Japan: Nagasaki pays tribute to victims of 1945 atomic bombing

The city on Monday marked 76 years since the catastrophic event that marked the end of World War 2 cost tens of thousands of lives.

Seventy-six years ago today (August 9) Nagasaki faced the brunt of the atomic bomb dropped by the US that marked the end of the Second World War.

Nagasaki will pay homage to the tens of thousands of lives lost in the southwestern Japanese city. People have been gathering to honour the victims at places, including Nagasaki Peace Park, built around ground zero, reported NHK World.

A memorial ceremony is set to start at 10:45 am. The number of people in attendance will be limited to about 500 due to coronavirus measures. That’s one-tenth the size before the pandemic.

Attendees will include survivors, their relatives, Prime Minister Yoshihide Suga and representatives from about 60 countries, reported NHK World.

A register containing the names of 189,163 victims will be placed inside a memorial. It includes the names of 3,202 people who were added since last year.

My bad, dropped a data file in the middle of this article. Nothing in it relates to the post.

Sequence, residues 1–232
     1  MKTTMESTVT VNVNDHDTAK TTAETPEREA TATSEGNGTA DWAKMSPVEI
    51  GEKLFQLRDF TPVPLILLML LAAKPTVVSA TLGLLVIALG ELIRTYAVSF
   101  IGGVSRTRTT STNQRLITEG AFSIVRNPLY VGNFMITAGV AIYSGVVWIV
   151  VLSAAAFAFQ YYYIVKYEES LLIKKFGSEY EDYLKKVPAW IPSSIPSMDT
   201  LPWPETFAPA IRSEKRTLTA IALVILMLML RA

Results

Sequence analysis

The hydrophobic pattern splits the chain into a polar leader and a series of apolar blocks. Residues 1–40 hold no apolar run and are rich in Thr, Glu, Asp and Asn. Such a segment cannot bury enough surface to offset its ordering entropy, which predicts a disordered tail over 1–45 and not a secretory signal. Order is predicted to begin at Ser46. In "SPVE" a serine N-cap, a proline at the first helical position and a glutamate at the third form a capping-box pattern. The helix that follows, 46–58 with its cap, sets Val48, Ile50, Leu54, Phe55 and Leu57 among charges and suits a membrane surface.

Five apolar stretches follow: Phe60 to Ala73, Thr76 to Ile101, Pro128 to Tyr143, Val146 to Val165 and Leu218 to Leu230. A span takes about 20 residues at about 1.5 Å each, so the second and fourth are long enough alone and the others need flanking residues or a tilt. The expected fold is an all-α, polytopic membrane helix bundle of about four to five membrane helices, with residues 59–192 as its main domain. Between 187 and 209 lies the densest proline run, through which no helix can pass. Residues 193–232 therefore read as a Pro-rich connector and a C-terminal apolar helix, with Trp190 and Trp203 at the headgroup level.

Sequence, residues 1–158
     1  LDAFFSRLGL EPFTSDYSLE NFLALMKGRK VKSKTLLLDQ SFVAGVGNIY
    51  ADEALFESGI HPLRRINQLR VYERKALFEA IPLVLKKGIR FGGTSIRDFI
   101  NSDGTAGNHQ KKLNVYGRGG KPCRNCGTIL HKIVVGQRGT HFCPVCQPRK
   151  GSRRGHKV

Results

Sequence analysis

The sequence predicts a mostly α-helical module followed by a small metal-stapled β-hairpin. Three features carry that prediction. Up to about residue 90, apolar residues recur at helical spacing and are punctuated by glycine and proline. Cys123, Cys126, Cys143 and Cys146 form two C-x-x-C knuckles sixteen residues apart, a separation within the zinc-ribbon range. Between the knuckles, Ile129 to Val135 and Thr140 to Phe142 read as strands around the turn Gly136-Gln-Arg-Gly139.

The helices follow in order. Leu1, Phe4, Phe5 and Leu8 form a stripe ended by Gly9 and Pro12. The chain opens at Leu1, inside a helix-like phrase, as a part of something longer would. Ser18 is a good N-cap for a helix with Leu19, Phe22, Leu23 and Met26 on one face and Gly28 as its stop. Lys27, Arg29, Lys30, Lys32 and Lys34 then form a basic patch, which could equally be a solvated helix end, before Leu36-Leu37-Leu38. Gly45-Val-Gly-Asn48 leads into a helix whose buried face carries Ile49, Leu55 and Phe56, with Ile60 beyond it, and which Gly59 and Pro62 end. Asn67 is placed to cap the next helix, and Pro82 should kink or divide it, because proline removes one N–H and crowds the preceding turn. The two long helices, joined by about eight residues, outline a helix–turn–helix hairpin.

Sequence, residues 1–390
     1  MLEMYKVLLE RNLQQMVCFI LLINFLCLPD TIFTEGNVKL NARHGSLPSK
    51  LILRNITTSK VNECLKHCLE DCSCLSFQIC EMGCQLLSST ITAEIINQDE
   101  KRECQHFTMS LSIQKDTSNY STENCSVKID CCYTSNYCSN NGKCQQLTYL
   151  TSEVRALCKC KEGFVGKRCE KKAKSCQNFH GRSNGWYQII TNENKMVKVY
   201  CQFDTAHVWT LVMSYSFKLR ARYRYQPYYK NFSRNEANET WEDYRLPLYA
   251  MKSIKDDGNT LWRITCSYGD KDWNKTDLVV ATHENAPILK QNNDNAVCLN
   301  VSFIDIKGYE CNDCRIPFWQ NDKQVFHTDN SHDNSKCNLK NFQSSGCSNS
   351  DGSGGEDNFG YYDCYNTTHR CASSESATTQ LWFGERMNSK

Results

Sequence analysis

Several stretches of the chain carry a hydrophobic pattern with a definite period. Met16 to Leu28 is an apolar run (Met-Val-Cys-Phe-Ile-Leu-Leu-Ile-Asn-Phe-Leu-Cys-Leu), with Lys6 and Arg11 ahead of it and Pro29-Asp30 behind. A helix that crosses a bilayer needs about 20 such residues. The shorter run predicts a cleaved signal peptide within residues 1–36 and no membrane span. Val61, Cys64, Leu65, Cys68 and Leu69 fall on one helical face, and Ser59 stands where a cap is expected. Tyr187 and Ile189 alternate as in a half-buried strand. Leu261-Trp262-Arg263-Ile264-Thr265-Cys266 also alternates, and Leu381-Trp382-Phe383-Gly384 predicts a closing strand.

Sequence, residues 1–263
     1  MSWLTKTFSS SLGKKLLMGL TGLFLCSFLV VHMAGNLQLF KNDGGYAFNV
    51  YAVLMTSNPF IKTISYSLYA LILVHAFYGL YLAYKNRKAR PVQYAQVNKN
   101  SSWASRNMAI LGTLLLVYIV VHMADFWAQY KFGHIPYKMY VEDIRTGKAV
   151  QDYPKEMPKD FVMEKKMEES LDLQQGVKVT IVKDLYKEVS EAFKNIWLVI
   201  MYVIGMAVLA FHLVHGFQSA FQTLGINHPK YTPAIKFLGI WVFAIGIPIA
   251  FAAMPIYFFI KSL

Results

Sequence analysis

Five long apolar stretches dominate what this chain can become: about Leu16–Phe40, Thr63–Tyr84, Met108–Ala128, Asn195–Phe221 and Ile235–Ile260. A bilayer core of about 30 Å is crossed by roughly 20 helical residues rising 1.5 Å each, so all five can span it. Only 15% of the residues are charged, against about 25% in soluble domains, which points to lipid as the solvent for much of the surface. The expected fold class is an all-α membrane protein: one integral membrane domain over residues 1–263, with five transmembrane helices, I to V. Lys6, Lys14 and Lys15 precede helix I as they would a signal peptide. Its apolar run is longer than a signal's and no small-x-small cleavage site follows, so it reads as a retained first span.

Participants will offer a moment of silence at 11:02 am, the time the bomb exploded on August 9, 1945.

On August 6 1945, a US bomber dropped the uranium fission bomb, codenamed Little Boy, on Hiroshima. Three days later it dropped another bomb codenamed Fat Man, on Nagasaki.

Nagasaki Mayor Taue Tomihisa will deliver a peace declaration at the ceremony. He’s expected to call for the Japanese government’s initiative in achieving a world without nuclear arms. He is also likely to urge the government to join a UN treaty that bans nuclear weapons, reported NHK World.

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